Finding the cure for the common cold has become a bit like the quest for the Holy Grail. In other words, the stuff of mythology. Yet scientists believe they are one step closer to that elusive “Eureka” moment, and it’s all to do with the common cod.
Besides from eating them, your average Joe has never given too much thought to the common cod. As a fish on a dish, it’s pretty unbeatable, but now there’s another fine reason to love the cod, because potentially, these scaly wonders of the deep have the ability to stop the sniffles, sneezes, and runny noses that have plagued mankind since the beginning of time, dead in their tracks. And the reason why is enzymes.
The Daily Mail reports that according to scientists, a unique enzyme found in the Arctic species of cod boasts the ability to trap the cold virus before giving it its marching orders.
The unique enzyme called trypsin is found in the pancreas of deep-sea cod. It has since been adapted into a mouth spray which in clinical trials effectively reduced the spread of virus by 99 percent. In other words, it’s a cure, Sherlock!
Here’s the science part. By forming an invisible barrier in the mouth and throat, the spray works by preventing the cold virus latching on to human cells and multiplying. It was also demonstrated that the spray, called Enzymatica, halved the average number of days people with an existing cold would suffer from symptoms.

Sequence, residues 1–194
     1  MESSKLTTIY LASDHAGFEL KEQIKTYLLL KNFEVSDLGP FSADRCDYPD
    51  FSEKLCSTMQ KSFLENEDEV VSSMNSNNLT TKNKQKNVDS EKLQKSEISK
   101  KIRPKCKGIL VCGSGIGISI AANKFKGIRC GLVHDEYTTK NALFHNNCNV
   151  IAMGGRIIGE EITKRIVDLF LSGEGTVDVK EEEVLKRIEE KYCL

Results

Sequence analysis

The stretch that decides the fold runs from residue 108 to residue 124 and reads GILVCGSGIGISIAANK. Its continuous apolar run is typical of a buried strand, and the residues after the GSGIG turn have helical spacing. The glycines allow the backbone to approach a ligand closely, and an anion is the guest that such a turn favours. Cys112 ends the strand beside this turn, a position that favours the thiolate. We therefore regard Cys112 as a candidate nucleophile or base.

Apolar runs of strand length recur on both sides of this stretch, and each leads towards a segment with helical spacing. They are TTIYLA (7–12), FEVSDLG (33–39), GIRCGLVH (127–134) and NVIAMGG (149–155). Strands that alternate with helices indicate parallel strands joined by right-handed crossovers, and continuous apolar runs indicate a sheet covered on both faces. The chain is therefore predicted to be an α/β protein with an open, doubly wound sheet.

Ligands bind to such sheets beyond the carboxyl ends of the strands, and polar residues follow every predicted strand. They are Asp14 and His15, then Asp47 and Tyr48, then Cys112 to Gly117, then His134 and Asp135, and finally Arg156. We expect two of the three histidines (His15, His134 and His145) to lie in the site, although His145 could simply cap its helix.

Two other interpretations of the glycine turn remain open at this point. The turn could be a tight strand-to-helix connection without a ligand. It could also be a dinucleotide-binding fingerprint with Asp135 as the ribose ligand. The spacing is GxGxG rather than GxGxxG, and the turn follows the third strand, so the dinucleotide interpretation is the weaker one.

The development of Enzymatica has apparently been five years in the making, and head of research and development, Dr Mats Clarsund, believes, “it is pretty revolutionary.”
“The common cold is a virus which binds to the mucus membranes of the nose, mouth and eyes. It is taken up by human cells and multiplies.
“Once someone is infected, the virus moves to the throat area, where the first symptoms are a sore throat around 20 hours after the virus takes hold. The spray works because the enzyme forms a temporary, invisible barrier on the membranes preventing the virus being taken up.
“The enzyme doesn’t kill the virus, it effectively disarms it because it stops it being taken up with human cells, so the cold and its symptoms can’t progress.”
What do you think? Are the scientists really on to something, or does it all smell a little bit fishy to you?